And one newbie to another: Warmest congratulations on that absolutely gorgeous car!
Oops... sorry, Jim. I forgot... you're not a newbie. My mistake.
The first day I owned my speedster, I took it down one of the main drags. 3 lane road, but the right lane is for right turns only. Most of the right lane has a solid white line, so you should not be driving in it anyway. The white line goes to the curb at the corners.
I am in the middle lane, lift up my left hand to signal a right turn into a gas station, following the solid white line. Good thing I did not turn a second sooner because here comes a young lady in the right lane who was passing me and had no intention of turning into the gas station. I was almost totaled the first day I had the car, less than a mile from home.
Otherwise, I have no problem driving 40-45 down the main drag. Just have to watch out. Like driving a motorcycle. Maybe I should always leave my headlights on.
I put brake lights on the T back when we got it to let everyone know I was stopping. The other day I got the magnetic trailer lights from Harbor Frieght and changed the bulbs to 6 volt. I put alligator clips on the end that was a 4 wire flat plug. They stick to the side of the car (bottom of light is smooth plastic, no scratches) and the alligator clips to the tail light and ground. They throw a lot of light. Now when I am out at night, I pull them out from under seat and stick on the back of the car. Clip the clips and now people can see us in the dark.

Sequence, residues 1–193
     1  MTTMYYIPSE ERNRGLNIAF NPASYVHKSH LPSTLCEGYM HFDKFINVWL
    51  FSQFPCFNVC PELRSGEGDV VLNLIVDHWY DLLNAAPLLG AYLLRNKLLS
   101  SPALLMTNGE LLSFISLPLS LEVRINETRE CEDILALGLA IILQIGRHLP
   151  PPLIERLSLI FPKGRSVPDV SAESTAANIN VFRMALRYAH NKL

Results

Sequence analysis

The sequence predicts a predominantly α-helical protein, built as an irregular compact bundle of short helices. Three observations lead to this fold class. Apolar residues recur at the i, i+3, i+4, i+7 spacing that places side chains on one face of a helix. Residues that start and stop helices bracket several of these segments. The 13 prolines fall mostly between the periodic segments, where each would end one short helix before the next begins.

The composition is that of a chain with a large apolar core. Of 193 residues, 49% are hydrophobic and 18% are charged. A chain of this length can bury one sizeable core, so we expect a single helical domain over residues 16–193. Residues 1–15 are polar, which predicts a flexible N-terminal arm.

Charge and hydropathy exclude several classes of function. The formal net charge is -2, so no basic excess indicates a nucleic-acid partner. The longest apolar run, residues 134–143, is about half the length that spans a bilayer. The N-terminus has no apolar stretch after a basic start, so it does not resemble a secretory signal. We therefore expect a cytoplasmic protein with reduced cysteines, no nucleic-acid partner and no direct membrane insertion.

I solved the traffic problem years before getting a T by moving to a county with a population of only 30,000. There are country roads, generally laid out in one-mile squares, that will take me most places I want to go with little or no traffic. An advantage of the T on country roads is that being high off the ground and slow, it stirs up a lot less dust than modern cars.
I take our 27 Hack out every chance I get - to the local coffee shop, gas station, etc. Most of it is pretty close to home, but I am always in "defensive" mode when driving amongst the modern cars. The biggest problem I usually encounter is people watching the T and not the road. I always use proper hand signals and will pull over and let the anxious drivers by......for the most part, people are courteous and respectful - the best advice that I can give is keep your eyes open for the drivers that don't see you....
I would also suggest some sort of flashing lights from the rear and maybe a slow moving vehicle sign as well.
I know from experience driving equipment on major highways going only 20 mph that most people will slow down, but every now and then you get some crazy that just can't wait another 5 seconds for me to get to a spot where I can give him room to get by.
What's the saying, it's the other people you have to worry about. Be mindful of where you are and what is around you. I use to glance back every so often to see if there was anyone there, and if there was and they didn't have room to pass I would pull over to let them through.
The best our 14 ever made was 53 mph and that was before i joined the two pice crankshaft club! I doubt if any of our T's will ever see 40 again! Once was enough-Bud.
Well written good advice for any new T driver.
Thank you for taking the time, from one one who was a new T driver over 40 years ago.
Always, drive carefully, W2
"wonder how fast those model Ts with 40-50hp obviously using aftermarket engine components could actually go, should the wooden spokes not break"
Justin, my 27 Tudor with a custom built engine (and wire wheels) will do an easy 55+ mph but the rest of the car won't and it's downright insane to try to drive a "stock" Model T that fast. It's not about how fast you can go. It's all about how fast you can stop and turn.
I live in Southwest Florida with a bunch of "old farts" like me. You'd be surprised how many times I have to pass some ol gal doing 10 mph in a 35 zone because I'm stuck right between low and high gear.